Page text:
A multi-shaped aesthetic experience lasting four days at Villa Medici where the Mannerist frame is combined with rhythm and images that made reference to sound. Multi-sensory. Once again, for the 5th edition of the Villa Aperta Festival organized by Rome’s French Academy. A fusion of art, calculations and performance, typical of Baroque Rome, a living source for the idiom of the state of being contemporary.
Received by the marble spiral staircase, one proceeds through the loggia and onto an immense court yard surrounded by and embellished with pine trees that have stood there for centuries, the custodians of the magic and charm of the events taking place indoors. A panoramic view of the city that should be accredited as one of the most intense and immersive that Rome has to offer. Lights and shadows have given way to sound – rock music, post punk, psychedelic blues, pop and techno in its purest state.
The pine trees were there to observe and listen to everything, including us guests who were taking in the scene while dancing and enjoying a drink. It was wonderful to look up and see the dance of the muses engraved on some of the Ammannati bas-reliefs on the façade. Among the groups to point out. The Parisian rock group That Summer, led by David Sanson (a recent Villa Medici scholarship owner), opened the festival with a pretty raw style of rock, free of any undertones and ravelling. Introspective, and worth listening to. Cheveu, currently one of France’s most remarkable bands, offered post punk charged with energy. Power and independence articulated by post-industrial and post-garage sounds. (http://shop.bornbadrecords.net/track/slap-and-shot)
The most outstanding: Jackson & his Computer Band, pseudonym for Parisian artist IDM Jackson Fourgeaud, one of the inventors of the French touch who performed on Friday the 20th. A refracted and dim set up: a shell of shiny monitors and clouds of smoke. Jackson was at the centre of his computer band made up of customized mixers, one of which was even made from a typewriter. He was surrounded by a fog that enveloped the entire room. It felt like November in June. Electro-madness directed by a puppeteer moving his marionettes, assisted by a kind of mechanical arm that was raised from time to time, reminiscent of the image of an ancient gladiator. The performance closed with a Losting in Vanity, the vanity he was trying to approach with all that smoke. Lights, fog, motion, applause. Circle.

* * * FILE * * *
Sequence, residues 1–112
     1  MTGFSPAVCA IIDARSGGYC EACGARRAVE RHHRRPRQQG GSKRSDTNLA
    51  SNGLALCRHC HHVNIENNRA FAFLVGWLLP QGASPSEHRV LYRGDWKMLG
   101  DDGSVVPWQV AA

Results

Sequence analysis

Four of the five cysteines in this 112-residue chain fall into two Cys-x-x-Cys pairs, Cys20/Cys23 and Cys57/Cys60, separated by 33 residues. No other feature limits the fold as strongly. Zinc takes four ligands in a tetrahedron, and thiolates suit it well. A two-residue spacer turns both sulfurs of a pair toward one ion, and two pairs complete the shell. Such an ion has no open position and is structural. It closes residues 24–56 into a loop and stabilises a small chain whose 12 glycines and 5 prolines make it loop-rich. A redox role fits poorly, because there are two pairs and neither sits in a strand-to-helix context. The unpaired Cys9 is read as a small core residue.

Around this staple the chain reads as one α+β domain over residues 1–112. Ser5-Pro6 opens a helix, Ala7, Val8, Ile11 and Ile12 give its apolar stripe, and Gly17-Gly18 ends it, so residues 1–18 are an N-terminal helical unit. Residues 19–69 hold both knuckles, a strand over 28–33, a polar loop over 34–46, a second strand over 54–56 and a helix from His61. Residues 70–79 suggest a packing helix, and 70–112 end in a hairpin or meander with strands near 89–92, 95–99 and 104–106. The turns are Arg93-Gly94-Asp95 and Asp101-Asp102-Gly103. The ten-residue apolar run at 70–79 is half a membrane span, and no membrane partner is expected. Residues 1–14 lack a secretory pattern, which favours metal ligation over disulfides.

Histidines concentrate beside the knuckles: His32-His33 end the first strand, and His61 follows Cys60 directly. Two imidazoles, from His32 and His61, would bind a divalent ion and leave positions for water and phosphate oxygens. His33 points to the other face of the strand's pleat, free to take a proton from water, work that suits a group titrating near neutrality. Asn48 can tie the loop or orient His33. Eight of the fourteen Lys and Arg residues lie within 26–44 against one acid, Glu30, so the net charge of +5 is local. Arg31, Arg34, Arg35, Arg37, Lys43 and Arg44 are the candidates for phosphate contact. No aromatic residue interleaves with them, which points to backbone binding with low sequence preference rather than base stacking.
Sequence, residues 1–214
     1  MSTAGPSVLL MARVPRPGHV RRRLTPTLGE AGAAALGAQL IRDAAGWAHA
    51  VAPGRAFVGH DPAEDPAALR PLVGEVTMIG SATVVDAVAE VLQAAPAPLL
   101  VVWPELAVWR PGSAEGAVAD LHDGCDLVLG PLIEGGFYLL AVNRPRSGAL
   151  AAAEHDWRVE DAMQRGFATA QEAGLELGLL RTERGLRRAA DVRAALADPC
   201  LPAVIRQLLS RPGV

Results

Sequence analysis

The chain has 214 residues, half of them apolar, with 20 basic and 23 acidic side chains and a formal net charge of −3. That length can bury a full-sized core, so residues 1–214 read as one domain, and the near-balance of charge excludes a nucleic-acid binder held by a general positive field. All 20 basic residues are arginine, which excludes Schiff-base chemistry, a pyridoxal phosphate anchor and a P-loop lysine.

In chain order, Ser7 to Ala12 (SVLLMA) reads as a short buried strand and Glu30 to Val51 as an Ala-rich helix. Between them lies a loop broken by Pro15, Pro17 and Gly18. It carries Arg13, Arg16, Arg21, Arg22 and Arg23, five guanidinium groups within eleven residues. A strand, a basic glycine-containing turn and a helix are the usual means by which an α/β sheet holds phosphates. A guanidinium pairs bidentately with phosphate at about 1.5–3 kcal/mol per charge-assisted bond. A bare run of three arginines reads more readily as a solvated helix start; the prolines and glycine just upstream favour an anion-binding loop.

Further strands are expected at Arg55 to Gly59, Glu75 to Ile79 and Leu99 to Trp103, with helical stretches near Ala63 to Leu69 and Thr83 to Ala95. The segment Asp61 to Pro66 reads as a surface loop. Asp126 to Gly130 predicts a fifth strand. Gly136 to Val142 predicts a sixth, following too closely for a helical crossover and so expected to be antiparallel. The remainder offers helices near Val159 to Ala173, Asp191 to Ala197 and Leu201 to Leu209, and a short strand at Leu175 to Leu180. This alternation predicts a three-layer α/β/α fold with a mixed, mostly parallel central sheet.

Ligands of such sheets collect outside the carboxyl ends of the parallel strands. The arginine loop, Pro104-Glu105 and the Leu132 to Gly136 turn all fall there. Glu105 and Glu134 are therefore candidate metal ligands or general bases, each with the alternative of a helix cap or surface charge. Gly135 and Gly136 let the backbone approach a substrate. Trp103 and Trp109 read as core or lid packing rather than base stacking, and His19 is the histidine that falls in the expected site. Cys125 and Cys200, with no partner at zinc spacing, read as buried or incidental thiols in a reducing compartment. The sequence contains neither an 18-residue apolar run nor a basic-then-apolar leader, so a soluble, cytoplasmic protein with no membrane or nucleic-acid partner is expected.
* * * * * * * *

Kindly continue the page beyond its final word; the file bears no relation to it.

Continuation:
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Connan Mockasin, a New Zealander with a super-bleached page boy hair cut, also took the stage on Friday night accompanied by his band with an atypical and visionary look. The most extraordinary presence was seen at the keyboards: a kind of contemporary vestal with long red hair and an Arab headdress. An instrumental exhibition for the most part that started off with Do I make you feel Shy? followed by pieces from their latest album Caramel and concluded with the piece everyone was waiting for: Forever Dolphin in Love . A low voice, practically a whisper, and mellow music, hypnotic in its evanescent soul-blues-pop rhythms. A style that quietly seduces. Dream.
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The electronic rock of three gorgeous women – Au Revoir Simone – at the keyboards had us dancing with their colourful, sparkling style. Catchy melodies that the ear enjoys. DanceFloor.
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The highpoint of the four evenings was Gesaffelstein, Mike Levy’s stage name, who livened up the final hours at Villa Aperta at 2:00 a.m.
A golden cube from which a pretty dark techno was played accompanied by images in motion that ranged from abstract to figurative with Baroque-style buildings and cosmic images. I saw a red-hot crowd that got its heat from DJ sets by The Hacker and Brodinski and their super-tense techno. Charisma and adrenalin. The first Saturday night of this summer wound up like this – suspended in amazing rhythm at 3:30 a.m.
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(1) Ramona Lisa©Serena De Angelis – www.officinek.com 017 (2) Jackson and his computer band 2_VillaAperta 2014©Serena De Angelis – www.officinek.com (3) Jackson & his Computer Band, video excerpt (4) Connan Mockasin, video excerpt (5) Au Revoir Simon, video excerpt (5) Au Revoir Simone 3_VillaAperta 2014©Serena De Angelis – www.officinek.com (6) Gesaffelstein, VillaAperta2014, copyright Stefano D’Offizi (7) Villa Aperta 2014, Villa Medici, video excerpt.